A bourgeoisie unable to unify the country
At the time of official independence (1956), the nascent Sudanese bourgeoisie divides itself politically between two options. One stakes on religion to dominate other classes; it is embodied in several movements: the Umma (born in 1945), hostile to Egypt, and also the Muslim Brotherhood of the Islamic Chart Front (ICF, today divided between the NCP and the PCP). The other one reckons on Arab nationalism that has the wind aft in neighbouring Egypt: the National Unionist Party (NUP, today DUP), the term “unionist” designating the initial will of the pro-Nasser party to unify Sudan and Egypt.
For want of a sufficient accumulation of capital at the national scale, the Sudanese bourgeoisie has difficulty in unifying at the scale of the whole country, in stabilising the State, in ensuring its hegemony over other social classes. The imperialist powers (foremost Great-Britain and the Unites States), the regional powers (Egypt, Israel, Saudi Arabia, Iran) and even neighbouring States (Eritrea, Chad, Ethiopia, Uganda …) interfere in the political life and contribute to the balkanisation of the country. More than elections and the parliament, the military coups and popular uprisings will punctuate the political life of the country.
Can the working class compensate for the historical failure of the bourgeoisie? The party at the disposal of the proletariat on the independence, the Sudanese Communist Party (SCP), is one of the most important workers’ parties in Africa. It is present in both the South and the North. It leads the young working class, in particular of the railways, it influences a great number of farmers, students, intellectuals, soldiers and officers. But, despite the name “communist”, it is in fact Stalinist, Menshevik. It has no confidence in the working class. It subordinates the proletariat to the petty bourgeoisie and the national bourgeoisie in the name of “the unity of the driving forces of the nation”, the “union of the working class, the peasantry, the national bourgeoisie, the progressive intellectuals” (SCP, January 1, 1956).
1989: the putsch of sheikh Turabi and colonel Bashir
In 1989, colonel Omar Al-Bashir overthrows the Al-Mahdi government and takes power with the help of the NIF. He proclaims an Islamic State, forbids political parties and independent trade unions (the confederation SWTUF becomes an appendix of the State). The NIF massively purges the army, the police and the civilian administration. It establishes a single party, an Islamist one, the National Congress Party (NCP).
In 2003, the regime decides then to maintain Darfur by force within its borders, with the same methods as in Southern Sudan before. As the army does not show itself very aggressive, it pays and equips “Arab” militias named Janjawids. The conflict has caused to this day 300 000 deaths et 2,5 million displaced people.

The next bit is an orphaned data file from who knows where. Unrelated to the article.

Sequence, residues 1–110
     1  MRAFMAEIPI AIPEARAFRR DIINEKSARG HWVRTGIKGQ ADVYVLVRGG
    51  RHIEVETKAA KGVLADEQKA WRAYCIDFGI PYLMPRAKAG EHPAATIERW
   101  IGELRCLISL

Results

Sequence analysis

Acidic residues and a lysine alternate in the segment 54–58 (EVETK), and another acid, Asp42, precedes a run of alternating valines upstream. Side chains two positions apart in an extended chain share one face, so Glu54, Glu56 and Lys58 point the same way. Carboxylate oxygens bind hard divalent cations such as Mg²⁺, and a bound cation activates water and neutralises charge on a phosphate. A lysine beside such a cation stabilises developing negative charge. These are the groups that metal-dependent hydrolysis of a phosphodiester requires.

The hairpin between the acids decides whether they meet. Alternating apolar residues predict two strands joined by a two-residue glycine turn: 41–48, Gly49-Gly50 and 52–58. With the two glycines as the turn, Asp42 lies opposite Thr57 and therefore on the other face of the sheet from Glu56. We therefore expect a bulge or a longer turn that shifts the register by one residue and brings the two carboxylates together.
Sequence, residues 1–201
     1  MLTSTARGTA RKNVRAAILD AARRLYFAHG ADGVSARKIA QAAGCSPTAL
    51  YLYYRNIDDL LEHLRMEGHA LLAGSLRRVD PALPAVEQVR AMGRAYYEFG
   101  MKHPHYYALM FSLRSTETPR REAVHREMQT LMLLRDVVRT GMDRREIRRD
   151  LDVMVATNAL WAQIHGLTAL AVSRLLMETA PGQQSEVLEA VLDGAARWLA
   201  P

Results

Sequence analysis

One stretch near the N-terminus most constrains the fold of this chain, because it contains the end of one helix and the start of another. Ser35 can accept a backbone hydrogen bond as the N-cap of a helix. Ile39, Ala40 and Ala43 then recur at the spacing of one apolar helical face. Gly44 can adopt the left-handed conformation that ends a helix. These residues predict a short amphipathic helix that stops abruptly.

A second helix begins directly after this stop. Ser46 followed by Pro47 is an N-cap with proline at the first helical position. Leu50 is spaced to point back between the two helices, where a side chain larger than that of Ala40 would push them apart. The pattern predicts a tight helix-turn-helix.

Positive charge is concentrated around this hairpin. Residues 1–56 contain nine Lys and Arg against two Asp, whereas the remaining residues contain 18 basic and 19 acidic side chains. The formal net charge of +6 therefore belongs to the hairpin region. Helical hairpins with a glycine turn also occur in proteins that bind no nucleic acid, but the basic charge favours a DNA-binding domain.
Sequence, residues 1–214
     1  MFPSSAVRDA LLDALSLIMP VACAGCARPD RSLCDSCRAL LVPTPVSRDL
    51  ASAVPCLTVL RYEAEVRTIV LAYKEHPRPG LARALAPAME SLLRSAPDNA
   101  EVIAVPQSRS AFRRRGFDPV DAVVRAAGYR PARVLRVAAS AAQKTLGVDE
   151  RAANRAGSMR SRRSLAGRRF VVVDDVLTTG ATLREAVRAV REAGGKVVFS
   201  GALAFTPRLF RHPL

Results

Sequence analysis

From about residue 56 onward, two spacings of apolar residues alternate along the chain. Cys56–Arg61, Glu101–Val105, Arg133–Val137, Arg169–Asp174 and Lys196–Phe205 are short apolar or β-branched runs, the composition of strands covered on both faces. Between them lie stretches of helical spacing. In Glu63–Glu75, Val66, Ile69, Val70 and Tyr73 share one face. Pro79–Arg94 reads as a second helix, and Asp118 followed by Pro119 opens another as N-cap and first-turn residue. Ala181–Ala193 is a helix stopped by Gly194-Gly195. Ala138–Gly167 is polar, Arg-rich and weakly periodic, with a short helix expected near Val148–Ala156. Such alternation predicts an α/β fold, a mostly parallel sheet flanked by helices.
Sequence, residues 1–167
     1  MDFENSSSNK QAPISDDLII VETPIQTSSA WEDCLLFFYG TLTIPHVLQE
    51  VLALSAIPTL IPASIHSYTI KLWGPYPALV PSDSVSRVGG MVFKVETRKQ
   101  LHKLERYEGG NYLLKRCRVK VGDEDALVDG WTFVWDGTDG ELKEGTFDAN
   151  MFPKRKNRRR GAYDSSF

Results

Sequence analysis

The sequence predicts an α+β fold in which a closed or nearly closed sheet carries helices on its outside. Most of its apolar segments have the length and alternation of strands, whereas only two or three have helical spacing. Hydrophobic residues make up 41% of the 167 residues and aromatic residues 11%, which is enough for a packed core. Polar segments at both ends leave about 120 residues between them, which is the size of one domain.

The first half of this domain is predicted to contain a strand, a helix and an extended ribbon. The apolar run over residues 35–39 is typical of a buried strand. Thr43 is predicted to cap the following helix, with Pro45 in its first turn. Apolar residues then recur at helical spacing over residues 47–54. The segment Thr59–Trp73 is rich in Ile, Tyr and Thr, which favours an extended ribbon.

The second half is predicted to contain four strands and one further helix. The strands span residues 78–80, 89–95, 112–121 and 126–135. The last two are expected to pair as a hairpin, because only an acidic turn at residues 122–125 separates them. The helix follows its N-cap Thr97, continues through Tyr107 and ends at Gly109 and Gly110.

In 2011, the partition between North and South takes place. Southern Sudan inherits the greatest part of oil deposits (between 70 % et 80 %). In January 2016, Sudan breaks with Iran. It gets close to Egypt and the Gulf monarchies. Saudi Arabia sells fuel at a low price and loans one billion dollars (about 900 million euros); in return, Sudan supports the invasion of Yemen and provides troops, mainly militias. The United States lift their sanctions in October 2017.
China is the main provider of Sudan and the main investor. The single party NCP invites the single party of China, the CCP, to its congress of 2017. It sends executives to be educated at the training school of Chinese high-ranking officials, the Pudong University (Shanghai).
2018: the beginning of a revolution
The GDP goes down 2.3 % in 2018. The trade deficit grows despite clandestine exports of gold. Inflation is at least 70 %. 70 % of budget expenses are allocated to forces of repression (secret services, among which NISS, militias reconverted into RSF, traditional army …).
On December 19, 2018 the Sudanese government announces, among other measures, the tripling of the price of bread. The very next day, the population, among which many women, demonstrates. This uprising fits into ongoing democratic struggles in Angola, in Ethiopia, in Gambia and foremost in Algeria. The demonstrations are organised by a petty bourgeois structure, the Sudanese Professionals Association (SPA) that regroups engineers, lawyers, physicians, academics … The repression is violent: arrests, beatings, shootings on the crowd by the NISS and the Islamist militias RSF. The outcome is 90 arrested journalists, 9 women sentenced to whipping for inappropriate behaviour, 800 sentences to long-term imprisonment and at least 60 deaths.
But the masses, at the end of four months of sacrifices, tip conscripts and non-commissioned officers. Some protect them against the exactions of the political police: on April 8, soldiers confront a “Rapid Support Force” (the RSF of colonel Daglo called “Hemetti”). Forms of self-organisation appear in neighbourhoods. Revolution starts.